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Patients worse off with more-experienced docs?
NEW YORK |
NEW YORK (Reuters Health) - In a study that flies in the face of common sense, sicker patients turned out to fare worse under the care of seasoned doctors than when newcomers to medicine looked after them.
According to findings in the American Journal of Medicine, patients whose doctors had practiced for at least 20 years stayed longer in the hospital and were more likely to die compared to those whose doctors got their medical license in the past five years.
The results highlight "issues that we have as a medical profession in keeping up to date" with the latest medical knowledge, said Dr. Niteesh Choudhry of Harvard Medical School, who was not involved in the new study. It is "a quality of care problem that has been recognized for five to 10 years," he told Reuters Health.
Dr. William Southern and colleagues looked at records of more than 6,500 patients who'd been hospitalized between 2002 and 2004 at New York City's Montefiore Medical Center in the Bronx.
Montefiore is a teaching hospital where patients are first seen by a junior doctor who randomly assigns them to one of the hospital's six medical teams. Each team has a medical student, recent medical school graduates, and at the top, a senior doctor known as the attending physician.
Over the course of the study, there were 59 different attending physicians. The researchers divided them up based on how long they were practicing: five years or less, six to 10 years, 11 to 20 years, or more than 20 years.
Because the researchers thought doctors might behave differently with their own long-time patients, they confined the study to cases in which patient and doctor had never met before.
In comparing the most and least experienced doctors, researchers saw the most-experienced group had more patients die in the hospital.
At first glance, compared to patients with the newest doctors, those with the most experienced physicians had more than a 70 percent increase in their odds of dying in the hospital and a 50 percent increase in their odds of dying within 30 days.
However, when the researchers took into account how sick the patients were, they found that only the sicker patients -- those with complicated medical problems -- were at higher risk in the hands of the more experienced doctors.
Southern's group also found that while the doctor's experience played a role in how long patients stayed in the hospital, it also mattered how many hospitalized patients he or she was taking care of.
When doctors weren't very busy, they kept patients in the hospital for roughly the same average time no matter how many years of experience they had. But when they did have a lot of patients to see in the hospital, those with more than 20 years of experience kept patients there about half a day longer than their peers who'd been practicing for less than five years.
Previous research has found similar results across a variety of physician specialties. Earlier studies have also shown that physicians with more time in practice are less likely to adhere to practice guidelines.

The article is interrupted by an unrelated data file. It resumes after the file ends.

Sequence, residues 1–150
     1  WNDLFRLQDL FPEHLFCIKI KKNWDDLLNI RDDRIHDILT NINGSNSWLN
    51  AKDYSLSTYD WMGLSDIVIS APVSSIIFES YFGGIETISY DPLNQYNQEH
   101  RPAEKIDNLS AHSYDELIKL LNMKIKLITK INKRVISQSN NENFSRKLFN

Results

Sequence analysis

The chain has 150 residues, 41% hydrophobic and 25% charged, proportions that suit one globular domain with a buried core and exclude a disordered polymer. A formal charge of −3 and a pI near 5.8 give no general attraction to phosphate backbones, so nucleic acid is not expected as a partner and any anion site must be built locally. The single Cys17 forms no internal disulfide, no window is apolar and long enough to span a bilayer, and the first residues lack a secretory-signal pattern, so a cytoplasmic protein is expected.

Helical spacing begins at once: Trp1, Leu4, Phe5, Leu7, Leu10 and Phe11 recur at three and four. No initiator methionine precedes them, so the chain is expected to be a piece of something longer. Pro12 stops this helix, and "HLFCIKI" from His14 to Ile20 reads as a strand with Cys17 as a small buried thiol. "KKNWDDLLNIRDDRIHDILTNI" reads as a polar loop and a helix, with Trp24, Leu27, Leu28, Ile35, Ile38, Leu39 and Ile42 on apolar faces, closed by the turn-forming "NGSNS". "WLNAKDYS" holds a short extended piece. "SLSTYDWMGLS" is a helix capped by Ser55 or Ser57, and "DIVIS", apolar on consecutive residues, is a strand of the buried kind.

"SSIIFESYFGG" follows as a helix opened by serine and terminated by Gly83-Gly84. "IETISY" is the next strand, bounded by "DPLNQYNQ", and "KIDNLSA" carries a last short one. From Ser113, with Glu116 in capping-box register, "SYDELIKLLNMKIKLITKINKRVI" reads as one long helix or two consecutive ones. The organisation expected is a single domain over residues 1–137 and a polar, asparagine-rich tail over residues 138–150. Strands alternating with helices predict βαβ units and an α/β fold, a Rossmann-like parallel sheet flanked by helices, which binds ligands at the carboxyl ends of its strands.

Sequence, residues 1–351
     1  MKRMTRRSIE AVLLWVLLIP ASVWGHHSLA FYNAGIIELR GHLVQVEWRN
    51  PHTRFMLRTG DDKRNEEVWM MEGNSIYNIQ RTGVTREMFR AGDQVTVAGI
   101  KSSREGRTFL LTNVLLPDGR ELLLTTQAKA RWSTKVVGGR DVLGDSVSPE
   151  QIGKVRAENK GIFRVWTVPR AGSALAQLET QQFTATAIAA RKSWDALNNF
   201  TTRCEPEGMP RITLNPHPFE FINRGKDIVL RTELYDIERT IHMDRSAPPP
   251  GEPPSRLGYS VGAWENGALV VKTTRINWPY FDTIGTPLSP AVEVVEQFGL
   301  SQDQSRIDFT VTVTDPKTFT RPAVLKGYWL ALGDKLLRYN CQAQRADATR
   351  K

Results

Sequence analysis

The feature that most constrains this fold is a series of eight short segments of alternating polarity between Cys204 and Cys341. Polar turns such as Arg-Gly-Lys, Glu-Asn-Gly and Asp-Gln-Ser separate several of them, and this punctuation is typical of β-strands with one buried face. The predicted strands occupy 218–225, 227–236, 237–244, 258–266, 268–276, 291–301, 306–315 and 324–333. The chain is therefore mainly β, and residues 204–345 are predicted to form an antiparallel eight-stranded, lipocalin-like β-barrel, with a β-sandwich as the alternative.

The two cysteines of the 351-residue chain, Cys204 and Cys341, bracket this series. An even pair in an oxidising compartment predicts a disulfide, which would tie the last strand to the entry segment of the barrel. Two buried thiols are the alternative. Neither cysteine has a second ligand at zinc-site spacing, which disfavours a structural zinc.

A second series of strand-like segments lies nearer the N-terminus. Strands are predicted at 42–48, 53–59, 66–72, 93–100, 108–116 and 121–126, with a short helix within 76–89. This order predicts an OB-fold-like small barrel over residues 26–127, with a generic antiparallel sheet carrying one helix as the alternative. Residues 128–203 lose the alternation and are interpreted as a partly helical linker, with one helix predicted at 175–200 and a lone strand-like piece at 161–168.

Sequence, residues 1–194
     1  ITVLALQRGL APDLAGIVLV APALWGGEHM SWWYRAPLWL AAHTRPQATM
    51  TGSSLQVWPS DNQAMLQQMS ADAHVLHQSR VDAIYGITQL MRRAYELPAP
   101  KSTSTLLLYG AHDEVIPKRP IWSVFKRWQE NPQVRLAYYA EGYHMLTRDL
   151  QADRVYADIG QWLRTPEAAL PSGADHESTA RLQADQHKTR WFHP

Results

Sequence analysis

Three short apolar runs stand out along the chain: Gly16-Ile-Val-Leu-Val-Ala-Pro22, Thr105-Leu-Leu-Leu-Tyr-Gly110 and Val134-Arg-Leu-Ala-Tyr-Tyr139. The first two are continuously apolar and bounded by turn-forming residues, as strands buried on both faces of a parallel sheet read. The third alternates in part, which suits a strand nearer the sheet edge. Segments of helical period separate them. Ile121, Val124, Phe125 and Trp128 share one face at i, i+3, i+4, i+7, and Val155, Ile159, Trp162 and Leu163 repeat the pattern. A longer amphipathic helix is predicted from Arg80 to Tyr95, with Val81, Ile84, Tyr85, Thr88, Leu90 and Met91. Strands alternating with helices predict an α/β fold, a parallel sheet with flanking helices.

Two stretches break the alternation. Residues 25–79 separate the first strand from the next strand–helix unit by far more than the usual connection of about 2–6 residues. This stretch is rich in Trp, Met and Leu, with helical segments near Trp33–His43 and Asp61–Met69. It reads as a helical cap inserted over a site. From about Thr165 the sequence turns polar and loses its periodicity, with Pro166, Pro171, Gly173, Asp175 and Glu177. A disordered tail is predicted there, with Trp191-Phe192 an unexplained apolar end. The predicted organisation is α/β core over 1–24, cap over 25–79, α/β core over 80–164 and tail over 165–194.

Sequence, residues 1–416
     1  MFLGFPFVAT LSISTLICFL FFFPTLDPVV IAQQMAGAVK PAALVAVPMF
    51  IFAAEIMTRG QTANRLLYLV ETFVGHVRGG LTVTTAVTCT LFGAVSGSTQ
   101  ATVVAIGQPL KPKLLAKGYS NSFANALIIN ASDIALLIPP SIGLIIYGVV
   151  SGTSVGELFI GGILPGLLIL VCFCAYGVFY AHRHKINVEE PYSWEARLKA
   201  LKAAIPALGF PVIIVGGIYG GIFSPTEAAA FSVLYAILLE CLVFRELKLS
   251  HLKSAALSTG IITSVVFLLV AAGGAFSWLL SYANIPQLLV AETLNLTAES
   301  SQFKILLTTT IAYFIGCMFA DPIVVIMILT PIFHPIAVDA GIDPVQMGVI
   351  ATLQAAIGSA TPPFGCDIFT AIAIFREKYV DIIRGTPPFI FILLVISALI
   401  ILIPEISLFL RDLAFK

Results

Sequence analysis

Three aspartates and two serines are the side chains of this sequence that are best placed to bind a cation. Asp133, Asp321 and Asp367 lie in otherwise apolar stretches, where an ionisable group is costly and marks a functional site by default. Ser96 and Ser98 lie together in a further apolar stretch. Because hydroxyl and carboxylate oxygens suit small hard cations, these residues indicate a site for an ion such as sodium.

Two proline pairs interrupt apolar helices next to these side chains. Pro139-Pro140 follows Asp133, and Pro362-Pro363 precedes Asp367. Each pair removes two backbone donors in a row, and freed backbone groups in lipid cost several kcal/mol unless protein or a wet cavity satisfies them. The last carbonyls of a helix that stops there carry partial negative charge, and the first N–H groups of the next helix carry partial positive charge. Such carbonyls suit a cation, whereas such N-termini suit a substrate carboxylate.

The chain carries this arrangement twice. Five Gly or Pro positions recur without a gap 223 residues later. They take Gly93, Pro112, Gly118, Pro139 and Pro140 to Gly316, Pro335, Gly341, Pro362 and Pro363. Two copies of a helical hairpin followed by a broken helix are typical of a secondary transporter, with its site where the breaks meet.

"It's not quite as simple to say that as you get further away from training, your quality gets worse," cautioned Choudhry.
The problem, he said, is not with the capability of the more experienced doctors, but rather, their familiarity with more current guidelines and practices. The results suggest the need to rethink the way doctors are continually educated in the years after completing their certification, he added.
The authors suggest that physicians with more than 20 years in practice be required to recertify periodically. Most of the older doctors in the current study are presently exempt from having to take recertification tests, they say.
Most doctors do participate in "continuing medical education" programs after they finish their training. But much of it is passive, consisting mostly of attending lectures and reading articles by medical researchers. While these are important ways of learning new findings, said Choudhry, it would be better to develop educational programs that would actively engage the more experienced physicians.
Dr. Steven Weinberger, executive vice president and CEO of the American College of Physicians, cautioned that it is premature to make drastic changes based on the results of the study, which only looked at small numbers of attending physicians. He also came up with several alternative explanations for the findings.
For instance, the fact that patients were in a teaching hospital might have contributed to the different rates of death, since more experienced doctors might give the doctors-in-training more autonomy. And the different lengths of time patients stayed in the hospital could reflect a cultural difference in today's younger physicians, who are taught to focus on reducing hospital stays.
Despite his concerns about the study, Weinberger agreed, "It is important for physicians to stay as current as possible."
SOURCE: bit.ly/pvz5xz American Journal of Medicine, online July 11, 2011.
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